Quick Wins,Stakeholders, and Metrics

Business processes are the tasks which result in a particular product or service being delivered together. Moreover, all the activities that could lead to the achievement of a specific objective could be carried out after completion. Production is a key business process (Rosemann, & vom Brocke, 2015).
Employees, customers and shareholders are included in the process. The staff participate in the actual process of manufacturing while the customers receive the manufactured product.
The process is aimed at making a product available to customers. The success depends on the commitment of employees to the manufacturing process. Employees need to focus on achievement of goals set.

Part 2: Metrics

The first metric is the quantity of products manufactured.

It is significant since it determines a number of products that customers will be able to access at a given moment.

For example, if manufacturing certain goods, the quantity produced serves as a metric.

The second metric is the quality of products manufactured at any given moment. The metric is significant since it indicates how efficient the manufacturing process is and is depicted in the quality of the product (Rosemann, & vom Brocke, 2015). For example, high-quality products show an efficient manufacturing process compared to those of a lower quality.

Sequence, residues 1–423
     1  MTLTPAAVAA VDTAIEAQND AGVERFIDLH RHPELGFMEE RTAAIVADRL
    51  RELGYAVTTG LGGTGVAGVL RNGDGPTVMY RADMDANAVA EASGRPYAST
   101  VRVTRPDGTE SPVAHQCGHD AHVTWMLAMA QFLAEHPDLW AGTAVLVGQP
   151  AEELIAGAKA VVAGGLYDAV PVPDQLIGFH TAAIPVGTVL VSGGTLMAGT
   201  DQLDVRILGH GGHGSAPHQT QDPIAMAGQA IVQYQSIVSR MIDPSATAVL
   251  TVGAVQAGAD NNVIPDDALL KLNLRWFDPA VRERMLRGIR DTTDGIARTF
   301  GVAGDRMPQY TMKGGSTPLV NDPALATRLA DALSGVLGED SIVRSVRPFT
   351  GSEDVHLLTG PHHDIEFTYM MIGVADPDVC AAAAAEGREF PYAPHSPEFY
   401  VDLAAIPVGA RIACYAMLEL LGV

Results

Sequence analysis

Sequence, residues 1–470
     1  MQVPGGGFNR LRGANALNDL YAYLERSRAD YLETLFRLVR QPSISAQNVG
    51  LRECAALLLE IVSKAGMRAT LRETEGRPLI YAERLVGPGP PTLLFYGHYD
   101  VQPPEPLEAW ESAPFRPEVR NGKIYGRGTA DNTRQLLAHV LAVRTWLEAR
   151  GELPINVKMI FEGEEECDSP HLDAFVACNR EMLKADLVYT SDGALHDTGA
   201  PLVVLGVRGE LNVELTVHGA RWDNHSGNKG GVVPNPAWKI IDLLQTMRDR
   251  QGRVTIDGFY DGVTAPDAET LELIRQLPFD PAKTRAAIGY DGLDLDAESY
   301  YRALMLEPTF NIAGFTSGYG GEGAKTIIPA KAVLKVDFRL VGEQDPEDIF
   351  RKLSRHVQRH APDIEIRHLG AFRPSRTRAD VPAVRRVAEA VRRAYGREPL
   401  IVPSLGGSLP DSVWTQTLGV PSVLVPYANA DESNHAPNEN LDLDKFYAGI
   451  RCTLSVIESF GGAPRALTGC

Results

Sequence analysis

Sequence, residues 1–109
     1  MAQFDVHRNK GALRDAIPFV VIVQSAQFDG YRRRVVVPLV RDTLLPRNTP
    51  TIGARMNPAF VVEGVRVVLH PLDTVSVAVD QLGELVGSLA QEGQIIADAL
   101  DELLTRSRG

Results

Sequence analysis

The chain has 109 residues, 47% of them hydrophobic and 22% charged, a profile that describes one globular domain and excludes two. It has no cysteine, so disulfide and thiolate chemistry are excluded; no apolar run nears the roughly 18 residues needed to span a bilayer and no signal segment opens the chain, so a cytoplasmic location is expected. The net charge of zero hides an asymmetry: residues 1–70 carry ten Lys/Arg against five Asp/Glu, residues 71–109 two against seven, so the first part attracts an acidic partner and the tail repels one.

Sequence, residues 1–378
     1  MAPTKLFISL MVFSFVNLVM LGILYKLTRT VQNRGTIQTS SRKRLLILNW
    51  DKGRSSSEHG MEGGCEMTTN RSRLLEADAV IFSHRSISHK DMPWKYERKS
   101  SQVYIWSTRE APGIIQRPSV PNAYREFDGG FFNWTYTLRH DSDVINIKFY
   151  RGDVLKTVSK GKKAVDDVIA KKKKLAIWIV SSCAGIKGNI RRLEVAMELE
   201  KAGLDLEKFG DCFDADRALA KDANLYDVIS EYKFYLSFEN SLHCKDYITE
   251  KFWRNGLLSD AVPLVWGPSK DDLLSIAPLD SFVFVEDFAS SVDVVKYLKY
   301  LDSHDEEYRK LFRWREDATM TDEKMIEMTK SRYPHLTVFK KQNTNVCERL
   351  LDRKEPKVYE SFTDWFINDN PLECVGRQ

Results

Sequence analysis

Finally, the cost of the manufacturing process is the other metric. It is critical since it defines how much the organization incurs. For example, the high cost of manufacturing indicates a lack of effectiveness in the process.

Part 3: Quick Wins

The first quick win is the manufacture of the quality product. It is the ability to provide customers with good products and can be accomplished by a commitment from each employee. It boosts project since many customers are attracted.

The second quick win is reduced manufacturing cost. It entails input the organization provides in the process and can be accomplished by removing unnecessary expenses. It boosts project since funds can be channeled elsewhere.


Rosemann, M., & vom Brocke, J. (2015). The six core elements of business process

management. In Handbook on business process management 1 (pp. 105-122). Springer

Berlin Heidelberg.

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